Set the following properties on the cluster to obtain debugging information from the Kerberos authentication process.

# export HADOOP_ROOT_LOGGER=TRACE,console;
# export HADOOP_JAAS_DEBUG=true;
# export HADOOP_OPTS="-Dsun.security.krb5.debug=true"

You can then use the following command to copy the console output to the user (with debugging messages), along with all output from STDOUT and STDERR to a file.

# hadoop fs -ls / > >(tee fsls-logfile.txt) 2>&1

Kerberos Credential-Generation Issues

Cloudera Manager creates accounts needed by CDH services using an internal command (Generate Credentials) that is triggered automatically by the Kerberos configuration wizard or when changes are made to the cluster that require new Kerberos principals.

After configuring the cluster for Kerberos authentication or making changes that require generation of new principals, you can verify that the command ran successfully by using the Cloudera Manager Admin Console, as follows:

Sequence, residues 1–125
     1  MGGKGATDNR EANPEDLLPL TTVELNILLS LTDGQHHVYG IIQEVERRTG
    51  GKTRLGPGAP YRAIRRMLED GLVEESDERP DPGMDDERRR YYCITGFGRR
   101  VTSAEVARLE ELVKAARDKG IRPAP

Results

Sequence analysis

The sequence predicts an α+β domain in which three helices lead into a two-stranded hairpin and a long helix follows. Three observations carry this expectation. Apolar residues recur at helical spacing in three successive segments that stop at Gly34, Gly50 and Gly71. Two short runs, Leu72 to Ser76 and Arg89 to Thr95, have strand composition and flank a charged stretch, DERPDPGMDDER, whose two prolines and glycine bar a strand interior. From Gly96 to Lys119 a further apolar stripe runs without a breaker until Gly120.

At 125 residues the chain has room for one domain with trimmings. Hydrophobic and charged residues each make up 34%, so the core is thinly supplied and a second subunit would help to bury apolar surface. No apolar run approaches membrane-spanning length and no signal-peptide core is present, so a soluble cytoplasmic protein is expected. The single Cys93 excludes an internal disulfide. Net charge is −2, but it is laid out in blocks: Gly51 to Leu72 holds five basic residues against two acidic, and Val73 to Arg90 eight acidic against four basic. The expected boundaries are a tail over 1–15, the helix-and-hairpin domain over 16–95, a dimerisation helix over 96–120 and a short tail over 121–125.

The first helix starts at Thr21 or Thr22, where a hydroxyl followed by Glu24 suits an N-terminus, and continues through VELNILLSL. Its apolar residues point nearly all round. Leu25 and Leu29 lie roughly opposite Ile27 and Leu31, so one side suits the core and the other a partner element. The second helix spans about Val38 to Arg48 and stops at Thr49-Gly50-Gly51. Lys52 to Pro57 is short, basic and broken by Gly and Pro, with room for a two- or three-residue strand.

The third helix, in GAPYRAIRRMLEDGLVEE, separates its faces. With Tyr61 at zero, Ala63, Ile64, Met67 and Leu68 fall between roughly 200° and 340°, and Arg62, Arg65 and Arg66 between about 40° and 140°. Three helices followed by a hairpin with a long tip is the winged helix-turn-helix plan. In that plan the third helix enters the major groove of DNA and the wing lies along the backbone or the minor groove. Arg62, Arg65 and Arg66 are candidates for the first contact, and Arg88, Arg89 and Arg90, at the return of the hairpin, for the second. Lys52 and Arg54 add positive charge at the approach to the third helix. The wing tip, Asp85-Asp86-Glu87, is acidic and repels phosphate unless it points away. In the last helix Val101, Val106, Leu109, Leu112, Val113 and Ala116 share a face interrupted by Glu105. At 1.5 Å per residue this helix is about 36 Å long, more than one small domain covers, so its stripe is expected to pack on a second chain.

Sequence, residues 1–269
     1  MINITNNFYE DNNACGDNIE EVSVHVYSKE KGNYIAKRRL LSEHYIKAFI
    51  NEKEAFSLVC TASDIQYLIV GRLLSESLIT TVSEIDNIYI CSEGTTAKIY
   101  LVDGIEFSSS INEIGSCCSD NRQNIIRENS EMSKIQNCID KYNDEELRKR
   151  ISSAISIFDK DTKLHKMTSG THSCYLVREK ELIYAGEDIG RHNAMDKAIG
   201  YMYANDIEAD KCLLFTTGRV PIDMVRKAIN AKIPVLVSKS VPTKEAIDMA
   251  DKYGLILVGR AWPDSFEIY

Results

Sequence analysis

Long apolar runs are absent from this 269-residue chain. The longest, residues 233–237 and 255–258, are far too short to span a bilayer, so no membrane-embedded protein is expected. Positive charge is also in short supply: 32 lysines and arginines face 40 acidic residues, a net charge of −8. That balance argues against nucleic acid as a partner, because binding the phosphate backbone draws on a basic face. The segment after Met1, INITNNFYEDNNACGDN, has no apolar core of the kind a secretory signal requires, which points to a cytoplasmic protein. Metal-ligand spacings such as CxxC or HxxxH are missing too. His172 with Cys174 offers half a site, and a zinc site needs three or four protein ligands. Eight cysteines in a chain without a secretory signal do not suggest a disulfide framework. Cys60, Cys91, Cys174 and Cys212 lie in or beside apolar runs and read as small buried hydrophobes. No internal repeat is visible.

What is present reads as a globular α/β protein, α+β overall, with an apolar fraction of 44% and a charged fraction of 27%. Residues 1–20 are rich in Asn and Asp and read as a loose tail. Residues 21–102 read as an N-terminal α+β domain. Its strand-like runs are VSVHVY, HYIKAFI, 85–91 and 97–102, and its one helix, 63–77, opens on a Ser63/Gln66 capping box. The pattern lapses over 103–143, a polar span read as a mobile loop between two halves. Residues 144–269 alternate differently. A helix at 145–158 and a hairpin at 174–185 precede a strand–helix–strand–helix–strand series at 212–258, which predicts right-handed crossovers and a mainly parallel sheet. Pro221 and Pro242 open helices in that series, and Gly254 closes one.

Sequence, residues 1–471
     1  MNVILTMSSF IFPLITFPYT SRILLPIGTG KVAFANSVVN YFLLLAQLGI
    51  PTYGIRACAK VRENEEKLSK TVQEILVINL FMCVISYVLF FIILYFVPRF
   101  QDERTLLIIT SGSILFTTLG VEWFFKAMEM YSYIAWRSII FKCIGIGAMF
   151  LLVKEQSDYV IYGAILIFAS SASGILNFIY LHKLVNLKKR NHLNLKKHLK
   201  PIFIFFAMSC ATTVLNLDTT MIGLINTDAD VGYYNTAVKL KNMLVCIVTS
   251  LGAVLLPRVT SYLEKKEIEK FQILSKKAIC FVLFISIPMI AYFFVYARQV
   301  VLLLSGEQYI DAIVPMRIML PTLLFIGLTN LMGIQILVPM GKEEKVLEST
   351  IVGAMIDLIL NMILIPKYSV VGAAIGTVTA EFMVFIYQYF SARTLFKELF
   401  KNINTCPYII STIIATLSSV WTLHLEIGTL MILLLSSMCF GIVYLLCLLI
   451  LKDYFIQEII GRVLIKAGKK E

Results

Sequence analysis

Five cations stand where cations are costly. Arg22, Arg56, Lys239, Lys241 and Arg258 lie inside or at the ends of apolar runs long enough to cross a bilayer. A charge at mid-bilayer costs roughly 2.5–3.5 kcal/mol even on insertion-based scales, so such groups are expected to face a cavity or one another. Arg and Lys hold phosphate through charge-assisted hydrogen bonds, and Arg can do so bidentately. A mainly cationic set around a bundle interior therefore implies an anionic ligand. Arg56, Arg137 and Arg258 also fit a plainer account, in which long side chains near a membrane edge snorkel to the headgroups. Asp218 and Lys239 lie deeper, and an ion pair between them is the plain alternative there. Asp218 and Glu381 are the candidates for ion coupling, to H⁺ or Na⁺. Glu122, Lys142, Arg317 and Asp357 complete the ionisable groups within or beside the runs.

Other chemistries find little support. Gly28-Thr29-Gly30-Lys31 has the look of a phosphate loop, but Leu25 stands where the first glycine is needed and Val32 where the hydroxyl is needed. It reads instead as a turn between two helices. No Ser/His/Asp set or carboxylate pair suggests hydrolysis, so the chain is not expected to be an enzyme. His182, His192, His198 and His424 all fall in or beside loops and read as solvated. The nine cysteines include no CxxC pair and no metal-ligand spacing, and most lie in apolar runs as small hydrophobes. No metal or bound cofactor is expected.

1. Log in to the Cloudera Manager Admin Console. Any error messages display on the Home page, in the Status area near the top of the page. The following Status message indicates that the Generate Credentials command failed:
    Role is missing Kerberos
                keytab
  2. To display the output of the command, go to the Home > Status tab and click the All Recent Commands tab.

Active Directory Credential-Generation Errors

Error: ldap_sasl_interactive_bind_s: Can't contact LDAP server (-1)

Possible cause: The Domain Controller specified is incorrect or LDAPS has not been enabled for it.

Steps to resolve: Verify the configuration for Active Directory Active Directory KDC, as follows:
  1. Log in to Cloudera Manager Admin Console.
  2. Select Administration > Settings .
  3. Select Kerberos for the Category filter.
Verify all settings. Also check that LDAPS is enabled for Active Directory.

Error: ldap_add: Insufficient access (50)